Gulf War

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Wars of Ill Bethisad
War logo2.gif
Name(s):Gulf War
Start of hostilities:1990 August 2nd
End of hostilities:1991 February 28th
Winning side:Losing side:
Kuwayt flag.gif
Iraaq flag9.jpg
Egyptian flag.gif
Maghreb flag.gif
Hijaaz flag.gif
Thousand Emirates
Resulting treaty/treaties:
Major consequences:Liberation of Kuwayt, Basri and Assyrian Rebellions and independence of Al-Basra, international embargo against Iraaq, heavy casualties and destruction of kuwayti and iraaqi infrastructures

The Gulf War was short conflict with three phases. First, Iraaq attacked the Shiite in its own territory while its forces were heading to an invasion to Kuwayt. Second, Iraaq invaded and conquered Kuwayt. Third, Iraaq was expelled by a coalition of arab states under a mandate from the League of Nations.



Historical claims

Early iraaqi claims over Kuwayt dated back to the 1930’s when King Ghazi I considered the small sheikdom, at the time under FK protection, as “historical part of Iraaq”. But as the young king died at the age of 27, before taking any action, and his followers were deposed. The more traditionalistic Hashemite rulers took the power and came back to their usual pro-FK alignment. Claims over Kuwayt were forgotten for decades.

Even when the Hashemite rule over Iraaq was deposed, in 1958, by general Abdul Karim Qassim (an iraaqi nationalist and not much friendly to FK interests in the region) little Kuwayt wasn’t claimed by the new powers ruling from Baghdaad.

Saudi Arabia also made claims over Kuwayt, after oil was found in the sheikdom in 1938. But didn’t make any actions to take the sheikdom. Definitely being Kuwayt aligned to the FK and to the Hashemite made the Saudi kings to think twice before making any action.

Kuwayt, a small state located between two much larger and more powerful ones, Iraaq in the north and Saudi Arabia in the south, always tried to keep good relations with its neighbours knowing that Kuwayt’s existence would always depend on its neighbours will.

The 1980’s

Saddaam Hussayn, president and spiritual leader of Iraaq, launched his own country to a bloody and long war against Persia. Although nationalistic and idealistic/religious excuses were told to cause the Persia-Iraaq War the reality was much more mundane. The oil prices and Hussayn’s power consolidation were definitely major reasons.

Kuwayt, a moderate conservative state, although not sharing Hussayn’s radical Muslim rhetoric lent large amounts of money which helped Iraaq to finance its war against the so-called “Great Persian Satan”. Also profited a lot with the increase of the oil prices caused by the war but instead of remaining just an oil producer and exporter kuwayti government took the chance to diverse the country’s economy, promoting industries and services. Kuwayti rulers knew high oil prices wouldn’t last forever. Also the country democratised itself becoming one of the most successful examples of the so-called Gulf Leopards.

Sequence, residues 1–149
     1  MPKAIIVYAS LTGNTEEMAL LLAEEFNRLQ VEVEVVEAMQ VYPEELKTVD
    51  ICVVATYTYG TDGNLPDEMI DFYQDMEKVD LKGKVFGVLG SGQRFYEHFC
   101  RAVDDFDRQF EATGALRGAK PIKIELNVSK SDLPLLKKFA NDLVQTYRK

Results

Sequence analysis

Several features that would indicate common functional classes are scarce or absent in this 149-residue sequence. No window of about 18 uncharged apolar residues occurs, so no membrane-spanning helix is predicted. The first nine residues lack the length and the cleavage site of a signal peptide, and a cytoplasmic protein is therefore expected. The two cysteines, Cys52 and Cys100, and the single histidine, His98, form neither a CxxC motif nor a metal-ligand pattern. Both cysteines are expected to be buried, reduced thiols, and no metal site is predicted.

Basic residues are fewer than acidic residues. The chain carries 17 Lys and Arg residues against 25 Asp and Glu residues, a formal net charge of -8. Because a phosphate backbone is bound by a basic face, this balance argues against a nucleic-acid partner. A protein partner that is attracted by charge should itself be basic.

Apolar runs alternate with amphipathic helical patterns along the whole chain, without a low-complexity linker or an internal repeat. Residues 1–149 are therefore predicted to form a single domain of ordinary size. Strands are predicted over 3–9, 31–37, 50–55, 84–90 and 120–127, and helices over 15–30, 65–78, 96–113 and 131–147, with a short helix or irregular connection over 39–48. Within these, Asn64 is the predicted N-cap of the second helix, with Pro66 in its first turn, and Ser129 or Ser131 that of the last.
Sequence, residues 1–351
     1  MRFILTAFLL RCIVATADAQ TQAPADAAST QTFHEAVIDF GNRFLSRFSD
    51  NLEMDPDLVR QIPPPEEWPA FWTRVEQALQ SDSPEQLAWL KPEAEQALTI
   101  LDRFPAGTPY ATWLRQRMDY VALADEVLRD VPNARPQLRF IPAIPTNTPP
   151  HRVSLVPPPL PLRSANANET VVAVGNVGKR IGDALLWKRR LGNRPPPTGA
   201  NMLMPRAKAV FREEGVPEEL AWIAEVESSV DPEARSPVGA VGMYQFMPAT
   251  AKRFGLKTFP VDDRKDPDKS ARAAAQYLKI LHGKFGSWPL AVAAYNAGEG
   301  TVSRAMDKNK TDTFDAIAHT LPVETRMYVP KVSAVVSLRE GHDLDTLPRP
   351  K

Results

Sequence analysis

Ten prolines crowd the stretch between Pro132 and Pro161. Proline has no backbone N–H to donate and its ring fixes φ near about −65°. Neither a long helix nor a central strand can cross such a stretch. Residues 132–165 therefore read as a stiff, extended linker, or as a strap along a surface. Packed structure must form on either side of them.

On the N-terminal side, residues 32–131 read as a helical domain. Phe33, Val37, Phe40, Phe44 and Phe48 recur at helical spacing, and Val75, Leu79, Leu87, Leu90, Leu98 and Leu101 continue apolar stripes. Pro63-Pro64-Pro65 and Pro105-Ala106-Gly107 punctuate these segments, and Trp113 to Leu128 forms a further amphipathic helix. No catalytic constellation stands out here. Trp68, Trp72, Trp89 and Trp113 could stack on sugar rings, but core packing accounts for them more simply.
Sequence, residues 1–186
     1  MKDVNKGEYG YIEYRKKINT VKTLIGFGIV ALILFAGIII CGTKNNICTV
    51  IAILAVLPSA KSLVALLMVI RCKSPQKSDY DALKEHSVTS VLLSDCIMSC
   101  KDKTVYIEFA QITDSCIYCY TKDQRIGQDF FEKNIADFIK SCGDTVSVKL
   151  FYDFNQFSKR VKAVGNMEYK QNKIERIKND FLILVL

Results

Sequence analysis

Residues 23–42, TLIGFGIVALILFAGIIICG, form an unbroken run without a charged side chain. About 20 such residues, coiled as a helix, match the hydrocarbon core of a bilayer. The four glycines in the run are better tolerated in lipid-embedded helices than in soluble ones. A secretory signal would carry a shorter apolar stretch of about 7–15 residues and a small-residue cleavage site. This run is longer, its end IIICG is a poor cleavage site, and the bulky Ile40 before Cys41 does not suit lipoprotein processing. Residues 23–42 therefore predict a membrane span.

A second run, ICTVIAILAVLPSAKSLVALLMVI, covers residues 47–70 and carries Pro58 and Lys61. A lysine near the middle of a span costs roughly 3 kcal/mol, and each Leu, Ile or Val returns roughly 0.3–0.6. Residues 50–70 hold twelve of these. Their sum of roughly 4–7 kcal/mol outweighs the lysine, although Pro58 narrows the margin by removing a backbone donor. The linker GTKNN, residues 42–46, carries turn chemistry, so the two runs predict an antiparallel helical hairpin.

Kuwayt’s wealth and freedoms attracted a mass of immigrants from all over Middle East and India, especially from neighbouring Iraaq. Also many iraaqis, especially from its southern provinces, found a place to live with a certain peace in several refugee camps in Kuwayt. By the time the war was over, 1988, iraaqis represented almost a quarter of the population of Kuwayt.

The end of the war caused the decrease of the oil prices. Iraaq suffered both from the destruction and deaths caused by eight years of war with Persia and from the fact its major (and almost only exporting good) lost much of its value. But for Kuwayt situation wasn’t that bad as the sheikhdom was already prepared for such development.

For many iraaqis Kuwayt was more and more a country where they could rebuild their lives. Hundreds of thousands of iraaqis crossed the border and in just two years iraaqis, whatever if the were immigrants (legal or illegal) or refugees, became more than half of Kuwayt’s population. Kuwayti government and nationals started to feel threatened and repatriation to Iraaq became an important issue of national politics. This repatriation was sometimes made with some brutality.

Hussayn’s rule, needing an external enemy to justify their politics and to distract the populace from the defeat against Persia (turned into a victory by iraaqi propaganda) and the following economical crisis, spread an-anti Kuwayt and anti-Shiite rhetorics within Iraaq. Also some of the iraaqi immigrants were in fact provocateurs who also spread that same rhetoric among the other immigrants and refugees.

Tensions between both countries increased and Kuwayt asked back their money lent to Iraaq which was used to finance the previous war.

For Iraaq the solution was found in invading Kuwayt: it would be a short war against an opponent that wouldn’t be a match against iraaqi forces, it would definitely distract the populace with another glorious victory and, most of all, another war in the Arabian Gulf was expected to cause another oil prices increase from which Iraaq expected to profit as in previous war. Also being Kuwayt conquered Iraaq wouldn’t have to pay their loans.